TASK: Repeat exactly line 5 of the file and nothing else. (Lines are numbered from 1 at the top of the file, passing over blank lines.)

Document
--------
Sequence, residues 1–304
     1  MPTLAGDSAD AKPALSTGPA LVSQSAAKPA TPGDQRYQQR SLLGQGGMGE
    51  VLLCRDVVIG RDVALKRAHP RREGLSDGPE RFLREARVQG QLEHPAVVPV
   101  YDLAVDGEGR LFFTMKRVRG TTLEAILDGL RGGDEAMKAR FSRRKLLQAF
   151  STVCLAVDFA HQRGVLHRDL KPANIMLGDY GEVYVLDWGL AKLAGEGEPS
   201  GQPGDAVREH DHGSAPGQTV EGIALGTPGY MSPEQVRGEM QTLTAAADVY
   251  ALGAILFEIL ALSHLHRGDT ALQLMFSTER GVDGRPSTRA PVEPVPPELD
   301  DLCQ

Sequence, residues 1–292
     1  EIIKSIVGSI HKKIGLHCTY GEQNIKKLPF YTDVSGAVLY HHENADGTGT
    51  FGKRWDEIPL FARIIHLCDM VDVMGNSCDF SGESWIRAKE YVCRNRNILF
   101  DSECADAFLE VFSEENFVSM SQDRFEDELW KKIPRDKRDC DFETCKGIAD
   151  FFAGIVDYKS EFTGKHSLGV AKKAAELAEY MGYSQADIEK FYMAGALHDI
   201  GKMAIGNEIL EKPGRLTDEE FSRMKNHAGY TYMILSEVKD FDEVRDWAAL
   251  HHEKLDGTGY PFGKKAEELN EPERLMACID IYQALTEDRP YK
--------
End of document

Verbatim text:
   151  STVCLAVDFA HQRGVLHRDL KPANIMLGDY GEVYVLDWGL AKLAGEGEPS